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David S. Ettinger, Dara L. Aisner, Douglas E. Wood, Wallace Akerley, Jessica Bauman, Joe Y. Chang, Lucian R. Chirieac, Thomas A. D'Amico, Thomas J. Dilling, Michael Dobelbower, Ramaswamy Govindan, Matthew A. Gubens, Mark Hennon, Leora Horn, Rudy P. Lackner, Michael Lanuti, Ticiana A. Leal, Rogerio Lilenbaum, Jules Lin, Billy W. Loo Jr, Renato Martins, Gregory A. Otterson, Sandip P. Patel, Karen Reckamp, Gregory J. Riely, Steven E. Schild, Theresa A. Shapiro, James Stevenson, Scott J. Swanson, Kurt Tauer, Stephen C. Yang, Kristina Gregory, and Miranda Hughes

The NCCN Guidelines for Non–Small Cell Lung Cancer (NSCLC) address all aspects of management for NSCLC. These NCCN Guidelines Insights focus on recent updates to the targeted therapy and immunotherapy sections in the NCCN Guidelines. For the 2018 update, a new section on biomarkers was added.

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David S. Ettinger, Douglas E. Wood, Charu Aggarwal, Dara L. Aisner, Wallace Akerley, Jessica R. Bauman, Ankit Bharat, Debora S. Bruno, Joe Y. Chang, Lucian R. Chirieac, Thomas A. D’Amico, Thomas J. Dilling, Michael Dobelbower, Scott Gettinger, Ramaswamy Govindan, Matthew A. Gubens, Mark Hennon, Leora Horn, Rudy P. Lackner, Michael Lanuti, Ticiana A. Leal, Jules Lin, Billy W. Loo Jr, Renato G. Martins, Gregory A. Otterson, Sandip P. Patel, Karen L. Reckamp, Gregory J. Riely, Steven E. Schild, Theresa A. Shapiro, James Stevenson, Scott J. Swanson, Kurt W. Tauer, Stephen C. Yang, Kristina Gregory, OCN, and Miranda Hughes

The NCCN Guidelines for Non–Small Cell Lung Cancer (NSCLC) address all aspects of management for NSCLC. These NCCN Guidelines Insights focus on recent updates in immunotherapy. For the 2020 update, all of the systemic therapy regimens have been categorized using a new preference stratification system; certain regimens are now recommended as “preferred interventions,” whereas others are categorized as either “other recommended interventions” or “useful under certain circumstances.”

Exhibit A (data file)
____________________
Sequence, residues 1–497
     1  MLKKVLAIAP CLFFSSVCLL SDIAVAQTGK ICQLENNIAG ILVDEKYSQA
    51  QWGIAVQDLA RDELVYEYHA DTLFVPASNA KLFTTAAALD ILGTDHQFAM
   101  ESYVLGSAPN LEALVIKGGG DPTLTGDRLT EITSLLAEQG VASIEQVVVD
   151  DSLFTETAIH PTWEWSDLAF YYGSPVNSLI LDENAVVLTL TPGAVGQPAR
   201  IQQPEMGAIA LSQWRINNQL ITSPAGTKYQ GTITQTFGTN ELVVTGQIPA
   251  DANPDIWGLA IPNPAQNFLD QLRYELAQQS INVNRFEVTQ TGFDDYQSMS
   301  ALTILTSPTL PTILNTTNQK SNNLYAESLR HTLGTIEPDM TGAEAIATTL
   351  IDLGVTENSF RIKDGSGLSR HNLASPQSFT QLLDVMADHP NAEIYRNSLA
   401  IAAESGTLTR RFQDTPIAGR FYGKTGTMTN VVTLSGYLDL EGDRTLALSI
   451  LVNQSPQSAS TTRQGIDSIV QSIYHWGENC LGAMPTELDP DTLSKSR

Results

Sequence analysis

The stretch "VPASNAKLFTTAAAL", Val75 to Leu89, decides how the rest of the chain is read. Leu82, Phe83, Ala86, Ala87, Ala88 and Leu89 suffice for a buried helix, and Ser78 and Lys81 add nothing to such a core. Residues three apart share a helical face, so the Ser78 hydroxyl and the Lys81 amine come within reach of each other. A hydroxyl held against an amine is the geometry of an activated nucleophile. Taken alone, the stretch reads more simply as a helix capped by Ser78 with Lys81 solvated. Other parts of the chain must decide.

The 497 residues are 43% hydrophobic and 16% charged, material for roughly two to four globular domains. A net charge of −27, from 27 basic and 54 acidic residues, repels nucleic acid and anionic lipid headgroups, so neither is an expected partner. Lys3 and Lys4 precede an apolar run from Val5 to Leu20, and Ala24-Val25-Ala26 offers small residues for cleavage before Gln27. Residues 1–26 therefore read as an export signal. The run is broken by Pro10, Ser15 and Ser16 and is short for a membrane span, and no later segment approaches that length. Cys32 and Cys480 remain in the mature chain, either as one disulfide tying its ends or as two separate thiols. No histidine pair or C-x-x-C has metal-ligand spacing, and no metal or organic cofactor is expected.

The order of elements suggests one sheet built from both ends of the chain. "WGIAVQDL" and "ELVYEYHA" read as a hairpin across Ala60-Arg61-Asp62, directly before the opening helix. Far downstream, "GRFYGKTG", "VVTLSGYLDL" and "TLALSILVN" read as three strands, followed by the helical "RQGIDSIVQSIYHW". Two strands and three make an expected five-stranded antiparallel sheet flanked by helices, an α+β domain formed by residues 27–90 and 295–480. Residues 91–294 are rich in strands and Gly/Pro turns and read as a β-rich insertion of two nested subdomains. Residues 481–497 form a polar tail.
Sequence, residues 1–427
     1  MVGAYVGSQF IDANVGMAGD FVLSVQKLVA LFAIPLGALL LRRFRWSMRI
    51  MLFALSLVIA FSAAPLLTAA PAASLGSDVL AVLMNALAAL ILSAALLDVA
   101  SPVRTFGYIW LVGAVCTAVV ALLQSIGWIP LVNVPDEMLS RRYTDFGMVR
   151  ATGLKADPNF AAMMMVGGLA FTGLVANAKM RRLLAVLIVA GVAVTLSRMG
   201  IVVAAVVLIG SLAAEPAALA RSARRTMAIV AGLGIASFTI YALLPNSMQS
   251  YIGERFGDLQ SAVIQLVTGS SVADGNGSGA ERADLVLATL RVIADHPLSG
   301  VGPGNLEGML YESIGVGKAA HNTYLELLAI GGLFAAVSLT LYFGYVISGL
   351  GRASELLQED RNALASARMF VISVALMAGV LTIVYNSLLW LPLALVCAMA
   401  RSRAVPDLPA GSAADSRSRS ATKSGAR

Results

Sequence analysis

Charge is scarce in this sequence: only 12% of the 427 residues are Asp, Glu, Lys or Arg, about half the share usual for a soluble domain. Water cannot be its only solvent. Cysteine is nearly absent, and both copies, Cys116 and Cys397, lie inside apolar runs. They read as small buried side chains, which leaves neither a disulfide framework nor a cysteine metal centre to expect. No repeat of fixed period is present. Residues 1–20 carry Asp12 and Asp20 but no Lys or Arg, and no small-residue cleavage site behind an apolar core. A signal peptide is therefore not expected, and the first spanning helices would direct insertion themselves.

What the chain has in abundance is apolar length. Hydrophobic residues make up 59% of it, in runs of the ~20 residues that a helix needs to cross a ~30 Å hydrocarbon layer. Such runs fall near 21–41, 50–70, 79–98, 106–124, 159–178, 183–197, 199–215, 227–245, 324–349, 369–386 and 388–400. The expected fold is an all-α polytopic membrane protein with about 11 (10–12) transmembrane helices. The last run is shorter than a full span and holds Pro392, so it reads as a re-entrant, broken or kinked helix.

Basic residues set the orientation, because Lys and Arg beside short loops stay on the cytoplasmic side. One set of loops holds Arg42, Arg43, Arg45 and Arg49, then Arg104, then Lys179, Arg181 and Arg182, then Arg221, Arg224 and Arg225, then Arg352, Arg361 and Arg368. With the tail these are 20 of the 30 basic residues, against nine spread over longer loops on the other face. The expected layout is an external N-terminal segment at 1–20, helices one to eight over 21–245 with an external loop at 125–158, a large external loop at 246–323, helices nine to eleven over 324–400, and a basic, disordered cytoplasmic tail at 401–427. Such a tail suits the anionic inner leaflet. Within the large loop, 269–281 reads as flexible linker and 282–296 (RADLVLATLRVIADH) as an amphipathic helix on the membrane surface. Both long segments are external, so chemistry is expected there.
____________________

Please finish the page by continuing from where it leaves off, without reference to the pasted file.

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David S. Ettinger, Douglas E. Wood, Dara L. Aisner, Wallace Akerley, Jessica R. Bauman, Ankit Bharat, Debora S. Bruno, Joe Y. Chang, Lucian R. Chirieac, Thomas A. D’Amico, Thomas J. Dilling, Jonathan Dowell, Scott Gettinger, Matthew A. Gubens, Aparna Hegde, Mark Hennon, Rudy P. Lackner, Michael Lanuti, Ticiana A. Leal, Jules Lin, Billy W. Loo Jr, Christine M. Lovly, Renato G. Martins, Erminia Massarelli, Daniel Morgensztern, Thomas Ng, Gregory A. Otterson, Sandip P. Patel, Gregory J. Riely, Steven E. Schild, Theresa A. Shapiro, Aditi P. Singh, James Stevenson, Alda Tam, Jane Yanagawa, Stephen C. Yang, Kristina M. Gregory, and Miranda Hughes

The NCCN Clinical Practice Guidelines in Oncology (NCCN Guidelines) for Non–Small Cell Lung Cancer (NSCLC) address all aspects of management for NSCLC. These NCCN Guidelines Insights focus on recent updates to the NCCN Guidelines regarding targeted therapies, immunotherapies, and their respective biomarkers.

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David S. Ettinger, Douglas E. Wood, Dara L. Aisner, Wallace Akerley, Jessica R. Bauman, Ankit Bharat, Debora S. Bruno, Joe Y. Chang, Lucian R. Chirieac, Thomas A. D’Amico, Malcolm DeCamp, Thomas J. Dilling, Jonathan Dowell, Scott Gettinger, Travis E. Grotz, Matthew A. Gubens, Aparna Hegde, Rudy P. Lackner, Michael Lanuti, Jules Lin, Billy W. Loo Jr., Christine M. Lovly, Fabien Maldonado, Erminia Massarelli, Daniel Morgensztern, Thomas Ng, Gregory A. Otterson, Jose M. Pacheco, Sandip P. Patel, Gregory J. Riely, Jonathan Riess, Steven E. Schild, Theresa A. Shapiro, Aditi P. Singh, James Stevenson, Alda Tam, Tawee Tanvetyanon, Jane Yanagawa, Stephen C. Yang, Edwin Yau, Kristina Gregory, and Miranda Hughes

NCCN Clinical Practice Guidelines in Oncology (NCCN Guidelines) for Non–Small Cell Lung Cancer (NSCLC) provide recommended management for patients with NSCLC, including diagnosis, primary treatment, surveillance for relapse, and subsequent treatment. Patients with metastatic lung cancer who are eligible for targeted therapies or immunotherapies are now surviving longer. This selection from the NCCN Guidelines for NSCLC focuses on targeted therapies for patients with metastatic NSCLC and actionable mutations.